Response to new research on smoking on TV



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13 August 2018

Response to new research on smoking on TV

New study publish today in the journal Tobacco Control [1] finds the smoking content on TV is unchanged from 2010 levels [2]. The research from the UK Centre for Tobacco and Alcohol Studies (UKCTAS) shows the smoking remains common across prime time viewing and during some of the most popular UK programming.

There is a proven link between exposure to smoking imagery and uptake of smoking among young people regardless of the context of that imagery [3].

ASH have called on regulators to step up their game to protect young people from exposure to this imagery [4].

Responding to the findings ASH Chief Executive Deborah Arnott said:

“The number of smokers in the UK has fallen significantly since 2010 yet this research finds smoking is just as common on our screens. Given the proven link to childhood smoking Ofcom and the BBFC, which regulate TV and films, need to take the necessary steps to warn parents of the risks and protect our children from the harmful effects of tobacco imagery.”

ENDS

Notes and Links:

Action on Smoking and Health is a health charity working to eliminate the harm caused by tobacco use. For more information see: www.ash.org.uk/about-ash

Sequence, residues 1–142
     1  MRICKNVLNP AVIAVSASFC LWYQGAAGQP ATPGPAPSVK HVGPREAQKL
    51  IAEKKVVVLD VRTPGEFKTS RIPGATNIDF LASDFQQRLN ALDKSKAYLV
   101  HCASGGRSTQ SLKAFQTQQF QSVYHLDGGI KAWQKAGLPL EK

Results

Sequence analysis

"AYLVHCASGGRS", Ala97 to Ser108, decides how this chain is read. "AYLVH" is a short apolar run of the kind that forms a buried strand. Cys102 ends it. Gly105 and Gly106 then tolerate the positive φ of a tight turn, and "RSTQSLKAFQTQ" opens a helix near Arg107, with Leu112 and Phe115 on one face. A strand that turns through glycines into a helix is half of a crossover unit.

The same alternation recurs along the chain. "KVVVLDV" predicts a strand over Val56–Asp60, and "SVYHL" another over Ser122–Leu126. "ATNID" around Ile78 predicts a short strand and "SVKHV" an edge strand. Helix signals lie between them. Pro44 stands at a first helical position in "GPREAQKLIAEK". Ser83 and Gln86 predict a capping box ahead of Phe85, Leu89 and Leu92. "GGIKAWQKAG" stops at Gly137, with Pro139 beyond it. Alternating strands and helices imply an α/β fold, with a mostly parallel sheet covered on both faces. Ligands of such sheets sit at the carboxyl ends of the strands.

ASH receives funding for its programme of work from Cancer Research UK and the British Heart Foundation.

ASH staff are available for interview and have an ISDN line. For more information   contact ASH on 020 7404 0242 or out of hours Hazel Cheeseman on 07754 358 593.

References

[1] Tobacco Control https://tobaccocontrol.bmj.com/

[2] Baker et al, A Content Analysis of Tobacco Content in UK Television, Tobacco Control, 13th August 2018

[3] Studies demonstrating a causal link:

  • The National Cancer Institute. The Role of the Media in Promoting and Reducing Tobacco Use. Tobacco Control Monograph No. 19. US Department of Health and Human Services National Institutes of Health, 2008.
  • U.S. Department of Health and Human Services. Preventing Tobacco Use Among Youth and Young Adults: A Report of the Surgeon General. Atlanta, GA: U.S. Department of Health and Human Services, Centers for Disease Control and Prevention, National Center for Chronic Disease Prevention and Health Promotion, Office on Smoking and Health, 2012.
  • U.S. Department of Health and Human Services. The Health Consequences of Smoking: 50 Years of Progress. A Report of the Surgeon General. Atlanta, GA: U.S. Department of Health and Human Services, Centers for Disease Control and Prevention, National Center for Chronic Disease Prevention and Health Promotion, Office on Smoking and Health, 2014

[4] ASH / UKCTAS submission to the Science and Technology Committee: http://ash.org.uk/media-and-news/press-releases-media-and-news/commons-committee-warned-that-smoking-on-tv-and-in-films-is-encouraging-child-take-up/